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Reviews » DVD Video Reviews » Barrio
Barrio
Lionsgate Home Entertainment // Unrated // July 29, 2008
List Price: $14.98 [Buy now and save at Amazon]
Review by Justine Cogan | posted August 4, 2008 | E-mail the Author
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C O N T E N T
V I D E O
A U D I O
E X T R A S
R E P L A Y
A D V I C E
Highly Recommended
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P R I N T
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The Movie:

I'm hoping Lions Gate's release of Fernando Leon's 1998 film, Barrio, means that US audiences will finally get to know the work of this talented Spanish filmmaker whose films are inexplicably hard to find stateside.

Often imbued with social commentary, Leon's films have won him the moniker "the Ken Loach of Spain". But his work is also funny and absurd and, above all, deeply invested in character. Even when his characters are behaving badly -- being selfish, short-sighted or just plain stupid - he never sells them out for a laugh or forces them into ideological postures to make a point. He treats his characters with affection, which, frankly, makes it easy for us to like them, too. In Barrio, winner of the Goya (Spain's Oscar) for Best Director and Best Screenplay, we get a brilliant example of this work.

A coming-of-age story about three 15-year-olds stuck in the oppressive heat of Madrid in August, Barrio is also, as the title suggests, about place. The place here is one of urban poverty, a place where childhood hopes end, a place outside the big city, outside the pleasure that money and comfort and healthy families provide. It's, really, about a place these characters may never leave. But it's also about that temporal place between childhood and adulthood. And this film paints that adolescent awkwardness with hilarious realism.

High school friends Rai, Javi and Manu spend their summer afternoons gawking at Dominican nannies in dusty plazas, watching gypsy bands perform for women who toss coins from their balconies, and gazing at stuff they can't afford through windows of shops that are closed for summer anyway. None of them has any money and they're all bearing the weight of complicated home lives. The teens alternate between jabbing at each other over real-world problems ("it's not his fault he's an orphan") and creating elaborate fantasies about what they'd do if they had money. They dream a lot about going away, and even more about what kind of women they'd meet wherever they went. Their "understanding" of the ladies is a topic for constant debate and an ongoing source of laughs in the movie.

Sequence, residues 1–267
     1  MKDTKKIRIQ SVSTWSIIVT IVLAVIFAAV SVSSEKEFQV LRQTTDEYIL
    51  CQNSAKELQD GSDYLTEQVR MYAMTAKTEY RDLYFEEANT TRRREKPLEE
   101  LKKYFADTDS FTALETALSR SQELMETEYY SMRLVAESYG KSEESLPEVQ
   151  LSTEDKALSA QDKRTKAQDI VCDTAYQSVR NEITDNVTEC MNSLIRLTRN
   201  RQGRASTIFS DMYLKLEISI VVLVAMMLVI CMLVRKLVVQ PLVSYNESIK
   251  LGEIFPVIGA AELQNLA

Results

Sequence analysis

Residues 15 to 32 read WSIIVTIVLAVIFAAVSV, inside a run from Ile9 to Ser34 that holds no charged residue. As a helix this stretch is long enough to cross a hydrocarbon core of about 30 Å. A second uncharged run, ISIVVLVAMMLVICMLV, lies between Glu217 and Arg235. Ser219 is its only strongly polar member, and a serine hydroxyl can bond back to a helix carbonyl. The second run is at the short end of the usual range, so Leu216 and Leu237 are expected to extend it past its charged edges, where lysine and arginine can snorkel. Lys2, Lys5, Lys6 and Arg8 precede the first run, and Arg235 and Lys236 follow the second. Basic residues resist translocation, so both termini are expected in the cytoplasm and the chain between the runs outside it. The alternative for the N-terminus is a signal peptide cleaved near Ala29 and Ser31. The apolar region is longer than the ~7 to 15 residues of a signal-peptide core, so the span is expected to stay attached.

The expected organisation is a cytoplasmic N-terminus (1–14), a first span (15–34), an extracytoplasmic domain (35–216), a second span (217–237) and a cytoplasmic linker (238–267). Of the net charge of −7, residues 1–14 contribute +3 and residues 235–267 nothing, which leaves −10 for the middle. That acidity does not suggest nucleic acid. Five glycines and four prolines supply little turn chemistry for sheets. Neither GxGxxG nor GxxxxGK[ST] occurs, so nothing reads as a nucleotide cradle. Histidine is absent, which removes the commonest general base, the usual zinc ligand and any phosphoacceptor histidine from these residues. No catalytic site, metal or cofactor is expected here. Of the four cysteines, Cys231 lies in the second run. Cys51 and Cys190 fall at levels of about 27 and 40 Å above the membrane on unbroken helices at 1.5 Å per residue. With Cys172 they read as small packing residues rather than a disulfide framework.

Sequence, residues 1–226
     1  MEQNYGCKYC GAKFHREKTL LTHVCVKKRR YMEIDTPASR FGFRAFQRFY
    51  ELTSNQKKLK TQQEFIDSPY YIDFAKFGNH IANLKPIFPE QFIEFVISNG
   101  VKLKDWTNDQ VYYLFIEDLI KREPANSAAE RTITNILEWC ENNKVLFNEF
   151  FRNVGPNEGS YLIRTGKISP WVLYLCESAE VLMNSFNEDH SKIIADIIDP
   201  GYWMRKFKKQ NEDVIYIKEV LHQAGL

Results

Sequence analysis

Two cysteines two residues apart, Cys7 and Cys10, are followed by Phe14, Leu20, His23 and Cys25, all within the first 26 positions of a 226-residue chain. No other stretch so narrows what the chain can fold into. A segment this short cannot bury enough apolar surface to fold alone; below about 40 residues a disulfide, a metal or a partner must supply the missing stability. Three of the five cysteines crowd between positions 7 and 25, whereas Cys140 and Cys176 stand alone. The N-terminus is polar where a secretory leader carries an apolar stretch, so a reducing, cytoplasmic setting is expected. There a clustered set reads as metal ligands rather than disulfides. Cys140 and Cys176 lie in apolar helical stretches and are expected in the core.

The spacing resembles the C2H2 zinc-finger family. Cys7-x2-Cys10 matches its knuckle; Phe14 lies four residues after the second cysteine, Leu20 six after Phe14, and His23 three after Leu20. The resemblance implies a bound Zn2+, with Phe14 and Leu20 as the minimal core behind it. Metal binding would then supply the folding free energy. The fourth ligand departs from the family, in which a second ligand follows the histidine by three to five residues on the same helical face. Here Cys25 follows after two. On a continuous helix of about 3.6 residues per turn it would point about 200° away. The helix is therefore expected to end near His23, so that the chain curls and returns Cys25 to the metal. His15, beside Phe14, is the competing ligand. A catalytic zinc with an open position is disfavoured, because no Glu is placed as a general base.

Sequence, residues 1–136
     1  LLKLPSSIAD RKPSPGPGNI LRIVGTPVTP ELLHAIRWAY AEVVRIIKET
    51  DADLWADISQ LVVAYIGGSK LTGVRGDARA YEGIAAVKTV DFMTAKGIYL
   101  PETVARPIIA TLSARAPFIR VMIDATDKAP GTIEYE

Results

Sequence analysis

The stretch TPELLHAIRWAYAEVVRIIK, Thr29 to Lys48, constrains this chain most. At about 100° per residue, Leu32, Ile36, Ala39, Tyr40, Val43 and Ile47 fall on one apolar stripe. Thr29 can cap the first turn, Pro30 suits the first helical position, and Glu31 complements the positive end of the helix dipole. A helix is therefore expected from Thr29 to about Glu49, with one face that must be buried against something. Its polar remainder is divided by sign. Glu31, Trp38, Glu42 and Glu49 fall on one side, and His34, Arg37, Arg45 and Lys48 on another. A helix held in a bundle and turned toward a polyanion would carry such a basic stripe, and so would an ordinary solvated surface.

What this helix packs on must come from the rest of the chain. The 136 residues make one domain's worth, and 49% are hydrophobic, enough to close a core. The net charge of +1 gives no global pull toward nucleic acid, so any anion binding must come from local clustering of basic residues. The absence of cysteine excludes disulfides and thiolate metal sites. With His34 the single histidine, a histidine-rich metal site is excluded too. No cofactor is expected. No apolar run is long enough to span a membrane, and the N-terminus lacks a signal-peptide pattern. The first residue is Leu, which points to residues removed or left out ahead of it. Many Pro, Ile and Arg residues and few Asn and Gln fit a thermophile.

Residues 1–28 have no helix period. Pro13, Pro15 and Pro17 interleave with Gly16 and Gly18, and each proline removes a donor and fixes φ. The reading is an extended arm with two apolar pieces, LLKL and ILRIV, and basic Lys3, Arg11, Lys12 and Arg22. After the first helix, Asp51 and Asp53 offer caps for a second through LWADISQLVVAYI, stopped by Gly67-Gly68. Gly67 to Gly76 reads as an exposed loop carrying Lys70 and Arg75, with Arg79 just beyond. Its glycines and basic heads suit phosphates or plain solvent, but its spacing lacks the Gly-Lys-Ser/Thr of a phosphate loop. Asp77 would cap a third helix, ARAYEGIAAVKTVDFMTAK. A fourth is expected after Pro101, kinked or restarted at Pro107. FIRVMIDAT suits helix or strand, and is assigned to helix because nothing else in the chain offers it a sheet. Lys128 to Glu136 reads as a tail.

Rai is the most reckless of the pack...and also the biggest dreamer. When his family can't afford the yogurt he needs for a manufacturer's mail-in contest he's sure he'll win, he takes what he needs from the grocery store. He likes to play with his security-guard brother's gun and has hushed conversations with a strange man neither of his friends knows.

Manu lives with his unemployed father; his mother disappeared years ago and his older brother, who he idolizes, is apparently too busy at a high-powered job to come by for visits. He gets a job as a pizza delivery boy and, since he doesn't have the scooter the job requires, races to bus stops to try to deliver the goods before they get cold...something he never manages to pull off.

Javi's family is at the point of rupture. He and his sister suffer through tense family lunches and, at night, he wears a walkman to drown out his parents' yelling. He envies his deaf grandfather with whom he shares a bedroom.

Despite troubles at home, the boys mostly live a the hot summer like any other bored 15 year olds - teasing each other, talking about girls and getting into trouble. But as the summer wears on, the boys make small advances toward adulthood. They begin to see their family situations with mature clarity and understand that their economic situation won't be fixed quick through lotteries and schemes. Javi's father moves out. Manu discovers the truth about his brother. And Rai gets caught up in errands for a drug dealer.

Relentless as the Madrid sun is the pressing sense of the end of innocence. These boys won't see out the summer as children.

There's no awkward stretching in this coming-of-age film. Leon's soft touch guides the story into more and more harrowing territory without ever making us feel like it couldn't happen just that way.

In some ways, this is a very Spanish film - the sense of being impossibly far from the beach is something that chafes inhabitants of the capital. But it's also a universal story about discovering where the boundaries of childhood lie...and whether you want to cross them.

The DVD:

This is a bare-bones offering. Features are subtitles, full screen and Digital audio in Spanish.

Audio: This disc comes with Spanish Dolby Digital audio and the track is clean and isn't distorted. The translation is good, which says a lot because the teens speak in rapid-fire MadrileƱo slang.

Video: Visuals here are nice and clear. Night scenes have sufficient definition. Colors are true except during occasional over-saturated, hand-held camera interludes.

Extras: No extras to speak of, unfortunately.

Final Thoughts: I've always been puzzled about why Fernando Leon didn't enjoy the popularity in the US that other Spanish filmmakers do. This release should help change that. Highly Recommended


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